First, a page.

One of my friends, who is 10 years my senior, retired from teaching electrical engineering for 50 years at San Diego State, and now he works part-time with me as an adjunct prof. at UCSD. His friends tell him he "sucks at retirement." Another role model is local oceanographer Walter Munk, 101, who says, "I work because I still can."
Me neither, I am a pensioner now but I work more than full-time, love what I do. Bu tI guess it's the old saying, 'choose a job you love and you'll never have to work a day in your life". I'll hang it up when the brain stops working correctly.
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Old 05-10-18, 04:48 AM
  #33  
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Congrats on the retirement! I am 3 weeks behind you Looking forward to a summer of hiking and biking with of course plenty of honey do's in the mix.
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Old 05-11-18, 10:44 AM
  #34  
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Congratulations to all of you who are enjoying your retirement. I am fast approaching my own this coming January. I am sure among us there are others that are in my situation and I would greatly appreciate any assistance or recommendation. My Wife is 8 years younger, I have a disabled son so she does not work and her medical insurance has always been with my employer. Where you have that gap between Medicare and leaving FTE benefits, what are your doing for medical insurance until Medicare kicks in? I'm finding it to be very expensive through my retirement benefit, over $1,000 /month. Any suggestions or experience would be greatly appreciated.
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Old 05-11-18, 05:40 PM
  #35  
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Originally Posted by TomWinKC View Post
Congratulations to all of you who are enjoying your retirement. I am fast approaching my own this coming January. I am sure among us there are others that are in my situation and I would greatly appreciate any assistance or recommendation. My Wife is 8 years younger, I have a disabled son so she does not work and her medical insurance has always been with my employer. Where you have that gap between Medicare and leaving FTE benefits, what are your doing for medical insurance until Medicare kicks in? I'm finding it to be very expensive through my retirement benefit, over $1,000 /month. Any suggestions or experience would be greatly appreciated.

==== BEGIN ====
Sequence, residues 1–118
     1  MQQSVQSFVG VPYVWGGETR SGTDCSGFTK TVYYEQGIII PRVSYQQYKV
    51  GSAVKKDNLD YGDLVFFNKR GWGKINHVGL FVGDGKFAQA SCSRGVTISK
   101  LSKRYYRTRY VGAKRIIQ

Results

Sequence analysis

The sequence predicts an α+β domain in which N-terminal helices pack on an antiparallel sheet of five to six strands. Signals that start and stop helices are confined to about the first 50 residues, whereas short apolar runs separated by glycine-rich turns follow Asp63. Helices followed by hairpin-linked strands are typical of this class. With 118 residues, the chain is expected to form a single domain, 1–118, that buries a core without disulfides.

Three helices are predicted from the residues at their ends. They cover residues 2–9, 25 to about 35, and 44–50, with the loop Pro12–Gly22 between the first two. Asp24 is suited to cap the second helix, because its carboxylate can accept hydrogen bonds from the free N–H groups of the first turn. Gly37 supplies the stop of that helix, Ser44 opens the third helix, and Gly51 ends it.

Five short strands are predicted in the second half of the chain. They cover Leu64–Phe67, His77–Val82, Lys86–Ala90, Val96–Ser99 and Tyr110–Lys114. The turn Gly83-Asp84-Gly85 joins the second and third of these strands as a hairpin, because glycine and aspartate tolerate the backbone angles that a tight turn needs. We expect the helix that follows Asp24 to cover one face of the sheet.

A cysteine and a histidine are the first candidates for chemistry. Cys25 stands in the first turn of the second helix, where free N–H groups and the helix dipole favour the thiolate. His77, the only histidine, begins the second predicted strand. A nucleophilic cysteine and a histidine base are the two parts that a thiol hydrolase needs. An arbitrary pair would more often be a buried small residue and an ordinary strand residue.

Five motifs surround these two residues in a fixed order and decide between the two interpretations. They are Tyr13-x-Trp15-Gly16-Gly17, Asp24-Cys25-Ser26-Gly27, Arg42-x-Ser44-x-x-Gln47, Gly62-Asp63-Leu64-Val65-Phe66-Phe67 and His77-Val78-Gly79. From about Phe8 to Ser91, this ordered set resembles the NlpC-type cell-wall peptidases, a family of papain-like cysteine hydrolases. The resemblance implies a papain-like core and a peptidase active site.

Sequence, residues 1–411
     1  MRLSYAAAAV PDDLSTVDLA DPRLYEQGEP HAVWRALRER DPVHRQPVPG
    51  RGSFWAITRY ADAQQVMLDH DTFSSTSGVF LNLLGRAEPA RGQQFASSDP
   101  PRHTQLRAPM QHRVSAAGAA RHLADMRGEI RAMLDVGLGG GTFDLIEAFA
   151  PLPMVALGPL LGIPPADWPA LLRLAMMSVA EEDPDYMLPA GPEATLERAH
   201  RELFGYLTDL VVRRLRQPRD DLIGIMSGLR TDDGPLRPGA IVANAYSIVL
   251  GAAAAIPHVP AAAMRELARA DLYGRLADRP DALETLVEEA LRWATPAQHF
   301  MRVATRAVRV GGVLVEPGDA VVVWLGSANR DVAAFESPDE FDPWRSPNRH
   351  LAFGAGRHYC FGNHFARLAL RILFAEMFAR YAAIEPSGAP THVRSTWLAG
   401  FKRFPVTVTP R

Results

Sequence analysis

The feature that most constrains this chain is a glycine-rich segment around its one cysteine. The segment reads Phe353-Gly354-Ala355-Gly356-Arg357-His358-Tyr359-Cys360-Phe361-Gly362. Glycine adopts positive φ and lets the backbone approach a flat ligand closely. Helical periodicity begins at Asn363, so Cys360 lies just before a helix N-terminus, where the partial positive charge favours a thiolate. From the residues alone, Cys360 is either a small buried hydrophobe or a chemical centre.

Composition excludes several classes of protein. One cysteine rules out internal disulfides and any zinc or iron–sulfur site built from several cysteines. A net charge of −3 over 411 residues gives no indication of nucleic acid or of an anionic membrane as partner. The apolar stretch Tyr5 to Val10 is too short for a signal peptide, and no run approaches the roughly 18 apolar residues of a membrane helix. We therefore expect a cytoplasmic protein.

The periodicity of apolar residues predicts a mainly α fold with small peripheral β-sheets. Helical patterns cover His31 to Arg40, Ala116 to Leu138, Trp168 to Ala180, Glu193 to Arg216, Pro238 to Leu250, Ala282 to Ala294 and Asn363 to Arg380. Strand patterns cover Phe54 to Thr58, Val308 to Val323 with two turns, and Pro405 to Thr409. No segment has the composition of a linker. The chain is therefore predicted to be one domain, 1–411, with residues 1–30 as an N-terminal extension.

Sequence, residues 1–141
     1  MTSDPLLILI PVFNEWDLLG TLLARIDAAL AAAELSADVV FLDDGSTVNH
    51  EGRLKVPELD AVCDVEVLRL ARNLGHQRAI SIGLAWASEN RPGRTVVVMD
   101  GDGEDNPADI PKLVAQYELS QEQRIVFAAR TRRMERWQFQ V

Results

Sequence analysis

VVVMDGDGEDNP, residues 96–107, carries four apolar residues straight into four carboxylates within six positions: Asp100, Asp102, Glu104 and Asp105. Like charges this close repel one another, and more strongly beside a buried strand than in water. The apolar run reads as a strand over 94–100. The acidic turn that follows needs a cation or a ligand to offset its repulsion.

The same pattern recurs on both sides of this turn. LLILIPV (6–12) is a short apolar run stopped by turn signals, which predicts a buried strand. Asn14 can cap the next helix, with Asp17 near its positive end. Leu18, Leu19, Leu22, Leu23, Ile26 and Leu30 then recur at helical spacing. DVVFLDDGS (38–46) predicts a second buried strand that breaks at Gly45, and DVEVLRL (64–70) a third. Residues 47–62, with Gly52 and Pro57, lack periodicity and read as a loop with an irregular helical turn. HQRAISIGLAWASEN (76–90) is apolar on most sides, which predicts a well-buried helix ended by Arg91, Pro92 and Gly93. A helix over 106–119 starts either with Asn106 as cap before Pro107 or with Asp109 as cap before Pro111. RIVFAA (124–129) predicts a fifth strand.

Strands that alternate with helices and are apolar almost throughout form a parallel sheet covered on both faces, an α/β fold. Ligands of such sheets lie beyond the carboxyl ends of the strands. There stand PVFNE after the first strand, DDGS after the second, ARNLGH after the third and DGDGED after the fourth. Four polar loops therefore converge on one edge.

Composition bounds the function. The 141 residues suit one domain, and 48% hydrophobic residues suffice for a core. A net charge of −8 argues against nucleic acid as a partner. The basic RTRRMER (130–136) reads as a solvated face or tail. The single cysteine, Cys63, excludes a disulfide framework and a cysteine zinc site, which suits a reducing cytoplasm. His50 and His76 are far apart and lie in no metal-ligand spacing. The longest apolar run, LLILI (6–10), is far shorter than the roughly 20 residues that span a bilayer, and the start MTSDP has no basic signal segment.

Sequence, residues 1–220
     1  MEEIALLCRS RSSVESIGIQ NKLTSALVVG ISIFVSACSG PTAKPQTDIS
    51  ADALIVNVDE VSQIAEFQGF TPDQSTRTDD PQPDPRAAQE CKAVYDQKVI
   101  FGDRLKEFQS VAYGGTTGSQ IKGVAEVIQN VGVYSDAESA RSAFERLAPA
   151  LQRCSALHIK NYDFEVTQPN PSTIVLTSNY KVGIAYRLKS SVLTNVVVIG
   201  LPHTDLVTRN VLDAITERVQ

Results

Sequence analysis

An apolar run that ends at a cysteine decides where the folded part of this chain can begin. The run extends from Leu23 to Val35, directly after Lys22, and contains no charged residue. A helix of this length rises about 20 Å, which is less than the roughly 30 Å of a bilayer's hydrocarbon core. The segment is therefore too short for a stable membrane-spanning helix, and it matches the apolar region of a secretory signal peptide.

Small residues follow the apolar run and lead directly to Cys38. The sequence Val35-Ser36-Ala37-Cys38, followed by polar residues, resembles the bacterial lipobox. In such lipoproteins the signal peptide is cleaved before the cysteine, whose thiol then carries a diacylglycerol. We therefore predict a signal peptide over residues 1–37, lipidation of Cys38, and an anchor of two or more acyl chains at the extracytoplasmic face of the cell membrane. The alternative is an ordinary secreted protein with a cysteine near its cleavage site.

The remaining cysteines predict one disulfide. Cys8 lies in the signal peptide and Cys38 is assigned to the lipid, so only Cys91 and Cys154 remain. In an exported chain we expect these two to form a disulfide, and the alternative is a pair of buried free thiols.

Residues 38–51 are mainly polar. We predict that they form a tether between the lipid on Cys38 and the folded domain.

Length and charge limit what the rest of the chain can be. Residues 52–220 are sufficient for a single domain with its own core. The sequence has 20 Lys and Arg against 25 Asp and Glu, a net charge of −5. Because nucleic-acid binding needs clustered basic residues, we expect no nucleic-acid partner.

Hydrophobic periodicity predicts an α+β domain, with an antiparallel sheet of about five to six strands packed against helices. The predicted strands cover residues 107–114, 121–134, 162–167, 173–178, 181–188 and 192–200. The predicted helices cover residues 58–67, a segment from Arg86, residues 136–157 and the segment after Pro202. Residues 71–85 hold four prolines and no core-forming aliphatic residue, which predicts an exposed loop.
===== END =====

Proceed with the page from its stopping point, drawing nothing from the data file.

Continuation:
I know 3 dudes in the same boat but I only heard the figure for one-- well-above average earner for >20 years left full time employment in his 50s (pretty sure he banked plenty), wife never worked... the yearly cost for a medical plan covering both: 11k
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Old 05-12-18, 05:44 AM
  #36  
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Originally Posted by TomWinKC View Post
Congratulations to all of you who are enjoying your retirement. I am fast approaching my own this coming January. I am sure among us there are others that are in my situation and I would greatly appreciate any assistance or recommendation. My Wife is 8 years younger, I have a disabled son so she does not work and her medical insurance has always been with my employer. Where you have that gap between Medicare and leaving FTE benefits, what are your doing for medical insurance until Medicare kicks in? I'm finding it to be very expensive through my retirement benefit, over $1,000 /month. Any suggestions or experience would be greatly appreciated.
The whole process of determining when to "pull the trigger" on retiring can get complicated, especially, if we don't have a good defined-benefit pension plan and we don't have paid retiree health benefits. I'm also in that place ... my spouse is about 3 1/2 years younger and has been on my benefit plan for health coverage. I'll be 65 soon but am still working. I won't have paid health insurance when I retire so that definitely is a big factor assessing expenses in retirement. Fortunately, my job is fairly low-pressure and I'm able to work at home so working a bit longer isn't an issue from a stress or work-life balance prospective.